The World of Finance, With an Engineering Background




Today is the last day of my summer internship with Canada Pension Plan (CPP) Investments. This firm is one of the largest and fastest-growing pension funds in the world, with over $437 billion in assets under management and 1200 employees. Just a few short months ago, after three long zoom interviews, one of which taking place in the lobby of a hotel in Cuba, I was shocked to find out I had got the job.


The program that facilitated the internship is called Women in Capital Markets, or WCM, a non-profit focussed on encouraging girls with STEM backgrounds to pursue careers in finance. CPP Investments has been hiring WCM interns for quite some time, so they’ve learned over the years that us anxious science girls can sometimes need a hand to hold upon entering the finance world for the first time. To make matters even scarier, due to the ongoing pandemic the entire internship was held online.


My assigned role was in the fixed-income (bonds) sleeve of the financing department, which is responsible for acquiring cash for the firm to invest. I was appointed a manager who I reported to directly, and a mentor, whose purpose was to offer emotional support. I had never met either of them, as all my interviews were over video. Luckily, neither of them was phased by my complete and utter terror after my first department-wide meeting, where the ratio between the terms I understood and the ones I didn’t was 10:90.


CPP Investments generously hired a consulting firm to teach the WCM interns the basics on finance and Excel, as well as some extra Python lessons. In addition to our regular duties, the intern cohort was tasked with a case competition, where I got to learn about other departments and practice my new commerce skills. I gradually became acquainted with the finance jargon and started to grasp more of what my peers were saying in meetings. If you asked me three months ago what the difference between a dividend and derivative was, I wouldn’t have been able to tell you, but now I can!


A dividend is an amount of money paid by a company to its shareholders regularly. A derivative is a type of financial instrument whose value is based on another ‘underlying’ financial instrument, like if you made a bet on the direction a rubber duck company’s stock was going.


Throughout the length of my internship I worked on various projects, such as examining the firm’s previous deals with large ‘emerging market’ or developing country investors in order to expand their non-G10 nation currency program. I was also tasked with optimizing a Python program that sourced cheaper stock prices than the firm’s existing holdings from various ‘brokers’ or banks in order to short sell them.


The most difficult of my projects was the last one, a presentation with a topic of my choice, in front of my entire department of finance professionals with precisely two months of experience. Needless to say, I was terrified. I chose to do it on the sustainable investing practices of the top 10 largest asset managers in the world, because I have a personal interest in sustainability and wanted to learn how investment firms are incorporating it into their portfolio mandates.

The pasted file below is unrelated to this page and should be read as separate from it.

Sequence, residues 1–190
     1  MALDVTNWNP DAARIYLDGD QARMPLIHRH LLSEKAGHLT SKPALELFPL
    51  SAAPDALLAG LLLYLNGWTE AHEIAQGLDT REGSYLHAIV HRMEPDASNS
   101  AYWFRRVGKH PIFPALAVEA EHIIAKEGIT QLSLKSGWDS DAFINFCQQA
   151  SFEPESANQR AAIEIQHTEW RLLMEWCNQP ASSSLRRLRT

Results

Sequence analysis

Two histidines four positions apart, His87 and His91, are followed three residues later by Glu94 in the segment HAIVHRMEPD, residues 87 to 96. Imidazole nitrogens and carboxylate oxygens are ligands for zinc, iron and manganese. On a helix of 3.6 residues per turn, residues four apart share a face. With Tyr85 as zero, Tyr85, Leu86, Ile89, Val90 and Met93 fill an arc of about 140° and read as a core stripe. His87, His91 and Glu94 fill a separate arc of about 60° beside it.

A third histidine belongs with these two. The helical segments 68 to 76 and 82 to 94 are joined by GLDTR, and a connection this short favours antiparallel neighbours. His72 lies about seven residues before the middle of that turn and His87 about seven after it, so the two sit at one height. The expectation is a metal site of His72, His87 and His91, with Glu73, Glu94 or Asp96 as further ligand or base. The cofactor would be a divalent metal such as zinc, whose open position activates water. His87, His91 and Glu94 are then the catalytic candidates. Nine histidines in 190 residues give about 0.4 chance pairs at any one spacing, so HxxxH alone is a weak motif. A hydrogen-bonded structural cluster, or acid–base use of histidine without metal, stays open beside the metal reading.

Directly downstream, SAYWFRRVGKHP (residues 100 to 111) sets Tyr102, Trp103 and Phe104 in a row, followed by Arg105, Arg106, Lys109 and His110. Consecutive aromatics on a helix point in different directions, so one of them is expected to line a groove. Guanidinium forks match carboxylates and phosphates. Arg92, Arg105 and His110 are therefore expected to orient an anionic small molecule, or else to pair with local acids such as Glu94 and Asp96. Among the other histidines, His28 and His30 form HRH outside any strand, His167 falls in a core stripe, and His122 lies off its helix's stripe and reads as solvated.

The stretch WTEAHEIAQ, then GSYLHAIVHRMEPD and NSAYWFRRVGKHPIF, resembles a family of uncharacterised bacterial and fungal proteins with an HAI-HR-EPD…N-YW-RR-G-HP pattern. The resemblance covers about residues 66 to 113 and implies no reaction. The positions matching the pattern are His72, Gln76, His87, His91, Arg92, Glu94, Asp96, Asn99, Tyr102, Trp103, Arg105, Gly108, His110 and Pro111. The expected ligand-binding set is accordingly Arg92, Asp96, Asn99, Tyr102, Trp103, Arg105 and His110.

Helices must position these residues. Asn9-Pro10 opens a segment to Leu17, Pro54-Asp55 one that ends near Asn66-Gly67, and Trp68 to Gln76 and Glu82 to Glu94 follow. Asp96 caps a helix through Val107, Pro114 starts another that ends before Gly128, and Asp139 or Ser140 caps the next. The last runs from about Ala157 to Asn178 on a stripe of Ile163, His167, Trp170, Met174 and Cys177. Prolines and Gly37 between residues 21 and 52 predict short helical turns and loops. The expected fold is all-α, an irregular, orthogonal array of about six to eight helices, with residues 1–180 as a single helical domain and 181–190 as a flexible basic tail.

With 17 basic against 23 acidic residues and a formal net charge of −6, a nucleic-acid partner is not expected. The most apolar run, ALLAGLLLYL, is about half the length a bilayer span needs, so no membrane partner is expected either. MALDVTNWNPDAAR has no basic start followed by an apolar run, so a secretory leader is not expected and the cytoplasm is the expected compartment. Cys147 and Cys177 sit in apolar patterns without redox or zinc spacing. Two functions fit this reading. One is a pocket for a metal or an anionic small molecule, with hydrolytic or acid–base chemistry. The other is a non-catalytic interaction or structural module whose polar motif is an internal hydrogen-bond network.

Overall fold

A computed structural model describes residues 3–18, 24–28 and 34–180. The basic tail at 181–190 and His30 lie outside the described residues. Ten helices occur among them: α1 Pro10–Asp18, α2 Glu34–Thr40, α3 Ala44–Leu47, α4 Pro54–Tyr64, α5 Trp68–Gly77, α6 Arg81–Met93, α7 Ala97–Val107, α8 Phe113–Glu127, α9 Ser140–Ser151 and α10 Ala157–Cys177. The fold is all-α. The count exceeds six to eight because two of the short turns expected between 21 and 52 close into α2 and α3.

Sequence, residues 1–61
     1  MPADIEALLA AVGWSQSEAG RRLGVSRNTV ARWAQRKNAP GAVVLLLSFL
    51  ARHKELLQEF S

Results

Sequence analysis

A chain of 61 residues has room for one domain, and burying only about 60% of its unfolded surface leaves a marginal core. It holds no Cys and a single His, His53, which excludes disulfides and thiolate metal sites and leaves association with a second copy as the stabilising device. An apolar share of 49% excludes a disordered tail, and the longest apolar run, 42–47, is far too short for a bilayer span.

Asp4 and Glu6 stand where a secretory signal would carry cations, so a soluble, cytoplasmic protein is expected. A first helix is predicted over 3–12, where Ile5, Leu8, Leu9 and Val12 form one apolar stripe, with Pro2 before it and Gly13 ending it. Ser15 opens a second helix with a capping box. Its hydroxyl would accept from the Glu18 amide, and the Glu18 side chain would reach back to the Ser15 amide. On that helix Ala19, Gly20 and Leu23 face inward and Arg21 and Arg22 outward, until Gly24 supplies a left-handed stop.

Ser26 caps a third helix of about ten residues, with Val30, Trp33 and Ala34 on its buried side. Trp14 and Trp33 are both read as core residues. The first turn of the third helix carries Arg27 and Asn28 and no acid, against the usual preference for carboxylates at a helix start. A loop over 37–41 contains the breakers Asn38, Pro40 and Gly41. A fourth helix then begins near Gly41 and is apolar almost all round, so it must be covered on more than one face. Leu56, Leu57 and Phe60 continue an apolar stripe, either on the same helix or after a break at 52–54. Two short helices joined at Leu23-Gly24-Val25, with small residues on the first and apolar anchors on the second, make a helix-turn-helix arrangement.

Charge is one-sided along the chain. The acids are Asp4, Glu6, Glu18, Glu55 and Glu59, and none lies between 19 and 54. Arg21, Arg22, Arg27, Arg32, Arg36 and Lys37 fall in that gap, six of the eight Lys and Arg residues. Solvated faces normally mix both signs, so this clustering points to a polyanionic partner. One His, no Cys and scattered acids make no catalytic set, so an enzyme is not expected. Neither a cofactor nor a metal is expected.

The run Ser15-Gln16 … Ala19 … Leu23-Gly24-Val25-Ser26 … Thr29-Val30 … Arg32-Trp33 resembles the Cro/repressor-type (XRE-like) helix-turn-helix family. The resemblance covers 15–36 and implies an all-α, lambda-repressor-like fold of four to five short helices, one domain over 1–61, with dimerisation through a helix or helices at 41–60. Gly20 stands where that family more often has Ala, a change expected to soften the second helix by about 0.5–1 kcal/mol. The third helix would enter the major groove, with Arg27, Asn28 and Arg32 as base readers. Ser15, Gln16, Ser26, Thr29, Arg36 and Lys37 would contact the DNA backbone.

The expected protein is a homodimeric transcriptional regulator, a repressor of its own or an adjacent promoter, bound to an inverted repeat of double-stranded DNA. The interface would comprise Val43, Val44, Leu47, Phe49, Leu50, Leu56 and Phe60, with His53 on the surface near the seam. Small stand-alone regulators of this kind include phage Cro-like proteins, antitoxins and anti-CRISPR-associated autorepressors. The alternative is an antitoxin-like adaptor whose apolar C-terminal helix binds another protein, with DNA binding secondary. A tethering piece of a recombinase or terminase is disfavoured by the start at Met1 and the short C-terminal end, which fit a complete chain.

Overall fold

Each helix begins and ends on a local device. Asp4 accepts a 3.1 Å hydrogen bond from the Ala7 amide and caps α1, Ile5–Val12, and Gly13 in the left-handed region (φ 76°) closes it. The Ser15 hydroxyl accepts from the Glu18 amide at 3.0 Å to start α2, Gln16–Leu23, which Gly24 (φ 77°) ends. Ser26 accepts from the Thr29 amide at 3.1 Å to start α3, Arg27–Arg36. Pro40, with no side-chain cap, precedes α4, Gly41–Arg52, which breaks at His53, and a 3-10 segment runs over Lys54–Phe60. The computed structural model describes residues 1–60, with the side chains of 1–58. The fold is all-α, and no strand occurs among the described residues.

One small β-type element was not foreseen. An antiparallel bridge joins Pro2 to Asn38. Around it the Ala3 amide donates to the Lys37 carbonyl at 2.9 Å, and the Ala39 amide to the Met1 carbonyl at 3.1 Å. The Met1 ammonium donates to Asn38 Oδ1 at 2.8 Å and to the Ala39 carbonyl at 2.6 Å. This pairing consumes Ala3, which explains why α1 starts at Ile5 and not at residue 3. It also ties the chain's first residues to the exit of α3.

The research was an informative and compelling experience that has inspired me to continue along the sustainability path. The presentation itself was intimidating but rewarding, and greatly increased my confidence and ability to speak publicly.


So why do investment firms hire STEM students as opposed to commerce ones? I’ve learned that the value of a science background lies in our ability to think critically, which we learn through calculus tests and innovation projects. The problems may be very different in finance, but the way they’re solved is the same. Using our brains! And many firms like that we can code too.


My final thing to note about my experience working in finance with a STEM background is that it is challenging, but ultimately what makes a job worthwhile is the people! Although I was unable to meet with most of my colleagues in person, I reached out to them for virtual coffee chats, shadowing and advice. Everyone I spoke to was incredibly kind, supportive and helpful, and these moments were among the most gratifying of my three months at CPP Investments. Somehow, the technology of this pandemic-riddled world has enabled social connection to forge onward, and I am humbled and inspired by the relationships I’ve built through my wonderful experience at CPP Investments. Furthermore, I can say now that by learning from my peers and the internet, I am now able to ‘speak finance’ and have amassed a wealth of knowledge about the Canadian market and global economy, which I know will come in handy somewhere!


In conclusion, I’d like to mention a quote that was shared by one of the firm’s Senior Managing Directors in a virtual meet-and-greet because it really stuck with me:

"Smart is not innate. It means you’ve had time to ask questions. What really makes you stand out is intellectual curiosity without a fear of looking dumb”.



Written by: Elsa Bassi